The Buffalo Presbyterian Church built in 1857, stands in the Buffalo Town Square Historical District located in the middle of the town of Buffalo, West Virginia. The church relatively unaltered over the years, has seen an immensely amount of history in its time. From the two front doors, one for men and one for women, and boxed pews dating back to the time of gender separation in church. To the enclosed slave gallery in the balcony for slaves to view the services. Walking through the doors takes a step back in time to the struggles of daily life, social interactions, slavery and the civil war history that remains imprinted in the walls of this Greek Revival structure.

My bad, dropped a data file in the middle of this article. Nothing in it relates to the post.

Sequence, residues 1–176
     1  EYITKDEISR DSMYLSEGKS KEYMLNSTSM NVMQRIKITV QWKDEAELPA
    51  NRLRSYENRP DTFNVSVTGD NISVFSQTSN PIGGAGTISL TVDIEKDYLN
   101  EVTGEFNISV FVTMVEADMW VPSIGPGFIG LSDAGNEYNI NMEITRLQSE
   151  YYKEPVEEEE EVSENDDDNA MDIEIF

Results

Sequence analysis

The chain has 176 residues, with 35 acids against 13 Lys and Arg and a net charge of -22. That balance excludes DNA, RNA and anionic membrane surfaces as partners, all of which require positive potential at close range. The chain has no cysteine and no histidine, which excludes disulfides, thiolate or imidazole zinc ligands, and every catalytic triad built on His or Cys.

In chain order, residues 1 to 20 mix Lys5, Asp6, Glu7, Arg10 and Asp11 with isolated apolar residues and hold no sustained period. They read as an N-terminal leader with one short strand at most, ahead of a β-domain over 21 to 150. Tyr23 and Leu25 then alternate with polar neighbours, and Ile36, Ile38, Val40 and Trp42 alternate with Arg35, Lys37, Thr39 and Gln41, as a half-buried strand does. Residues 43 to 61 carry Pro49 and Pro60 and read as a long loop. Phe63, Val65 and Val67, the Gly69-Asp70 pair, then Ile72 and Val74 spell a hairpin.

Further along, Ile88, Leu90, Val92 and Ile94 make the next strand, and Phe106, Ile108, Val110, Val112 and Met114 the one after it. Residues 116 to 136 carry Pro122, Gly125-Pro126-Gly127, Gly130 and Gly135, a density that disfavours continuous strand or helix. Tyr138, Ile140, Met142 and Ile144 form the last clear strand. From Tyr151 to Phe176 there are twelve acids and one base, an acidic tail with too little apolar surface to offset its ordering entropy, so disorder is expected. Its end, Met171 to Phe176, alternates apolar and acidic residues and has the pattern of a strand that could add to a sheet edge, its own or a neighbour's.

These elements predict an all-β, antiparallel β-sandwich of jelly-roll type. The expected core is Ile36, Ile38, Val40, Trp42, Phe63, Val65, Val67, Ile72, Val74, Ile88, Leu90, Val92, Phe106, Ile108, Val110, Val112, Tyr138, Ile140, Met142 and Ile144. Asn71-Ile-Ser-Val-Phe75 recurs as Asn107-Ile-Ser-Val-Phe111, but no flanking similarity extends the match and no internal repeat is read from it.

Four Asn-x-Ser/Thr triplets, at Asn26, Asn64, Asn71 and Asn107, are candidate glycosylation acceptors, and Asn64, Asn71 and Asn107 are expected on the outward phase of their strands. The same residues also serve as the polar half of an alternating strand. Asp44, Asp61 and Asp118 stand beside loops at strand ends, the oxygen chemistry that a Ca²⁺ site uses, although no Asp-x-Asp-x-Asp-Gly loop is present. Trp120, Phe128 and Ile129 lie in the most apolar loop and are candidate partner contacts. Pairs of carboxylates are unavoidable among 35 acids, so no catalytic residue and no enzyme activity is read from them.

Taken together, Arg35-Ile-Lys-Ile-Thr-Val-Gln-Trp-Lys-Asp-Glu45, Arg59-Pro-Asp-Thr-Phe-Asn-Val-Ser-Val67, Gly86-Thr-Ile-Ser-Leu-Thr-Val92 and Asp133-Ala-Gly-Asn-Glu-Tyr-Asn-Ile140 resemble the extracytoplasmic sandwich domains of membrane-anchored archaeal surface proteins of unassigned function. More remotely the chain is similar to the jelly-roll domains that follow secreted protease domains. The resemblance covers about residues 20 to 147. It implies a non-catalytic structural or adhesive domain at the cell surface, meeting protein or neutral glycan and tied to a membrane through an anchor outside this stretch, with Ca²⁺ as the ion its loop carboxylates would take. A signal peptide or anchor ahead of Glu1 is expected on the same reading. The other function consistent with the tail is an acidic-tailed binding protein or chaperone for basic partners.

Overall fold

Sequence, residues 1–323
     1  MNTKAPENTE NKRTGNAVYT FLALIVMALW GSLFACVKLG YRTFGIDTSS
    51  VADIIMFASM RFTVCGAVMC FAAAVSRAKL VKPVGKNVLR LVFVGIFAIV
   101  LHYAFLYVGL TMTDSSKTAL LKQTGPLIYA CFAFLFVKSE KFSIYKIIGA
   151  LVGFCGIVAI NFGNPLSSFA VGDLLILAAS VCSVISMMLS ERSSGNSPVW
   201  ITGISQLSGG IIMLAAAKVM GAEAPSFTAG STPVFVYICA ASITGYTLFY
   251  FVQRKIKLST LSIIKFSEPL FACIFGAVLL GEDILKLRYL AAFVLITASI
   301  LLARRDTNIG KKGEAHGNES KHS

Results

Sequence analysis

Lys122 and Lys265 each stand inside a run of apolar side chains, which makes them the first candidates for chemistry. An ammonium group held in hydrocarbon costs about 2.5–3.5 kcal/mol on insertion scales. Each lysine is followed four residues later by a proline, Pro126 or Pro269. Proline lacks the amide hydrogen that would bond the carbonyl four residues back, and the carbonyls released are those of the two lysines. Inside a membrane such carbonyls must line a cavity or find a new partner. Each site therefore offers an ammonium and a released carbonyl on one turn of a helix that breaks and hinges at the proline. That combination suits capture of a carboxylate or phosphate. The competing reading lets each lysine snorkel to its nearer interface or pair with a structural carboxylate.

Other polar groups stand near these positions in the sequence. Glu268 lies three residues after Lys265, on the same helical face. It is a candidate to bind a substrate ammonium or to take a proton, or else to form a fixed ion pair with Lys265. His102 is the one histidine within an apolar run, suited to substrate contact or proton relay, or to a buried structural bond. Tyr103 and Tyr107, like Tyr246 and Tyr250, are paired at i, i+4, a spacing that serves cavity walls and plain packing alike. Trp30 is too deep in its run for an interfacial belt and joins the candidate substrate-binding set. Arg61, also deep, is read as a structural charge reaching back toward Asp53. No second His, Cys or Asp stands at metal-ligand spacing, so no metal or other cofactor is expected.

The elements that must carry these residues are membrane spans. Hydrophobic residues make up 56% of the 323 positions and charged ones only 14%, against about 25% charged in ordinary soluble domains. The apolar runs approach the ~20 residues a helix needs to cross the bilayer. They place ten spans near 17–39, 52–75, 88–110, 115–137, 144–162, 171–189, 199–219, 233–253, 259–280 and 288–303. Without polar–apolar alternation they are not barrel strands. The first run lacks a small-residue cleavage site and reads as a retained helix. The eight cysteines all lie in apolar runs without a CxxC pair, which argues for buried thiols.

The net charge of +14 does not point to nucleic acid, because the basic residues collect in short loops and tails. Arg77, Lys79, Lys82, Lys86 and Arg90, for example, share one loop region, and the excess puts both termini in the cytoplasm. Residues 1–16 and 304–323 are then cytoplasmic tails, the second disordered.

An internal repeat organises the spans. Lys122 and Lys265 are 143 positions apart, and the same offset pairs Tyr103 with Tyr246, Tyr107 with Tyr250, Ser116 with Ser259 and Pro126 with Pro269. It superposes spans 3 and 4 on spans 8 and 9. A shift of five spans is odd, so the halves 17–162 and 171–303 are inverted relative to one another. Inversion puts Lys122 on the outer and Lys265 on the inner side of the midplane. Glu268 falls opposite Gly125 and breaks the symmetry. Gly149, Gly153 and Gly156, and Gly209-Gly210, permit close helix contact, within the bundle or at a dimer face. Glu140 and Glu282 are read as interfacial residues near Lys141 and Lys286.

The Buffalo Presbyterian church sits to the North of the Academy in the Historical Square. The one and a half story Greek revival structure was built in 1857 by local citizens. The building is registered in the Nation Register of Historic Places along with the other three historic buildings in the town square. The building contains renominates of history from the Civil War when it was used as a barracks for both the Confederate and Union troops. The red brick masonry with tall 20 pane windows send light over the segregated church seating. The two white church doors on the front, bring back the time when church was segregated. Men set on one side, women in the other and slaves in the back above the rest of the congregation. An original 1880 organ sets up front waiting for service to once return to these halls.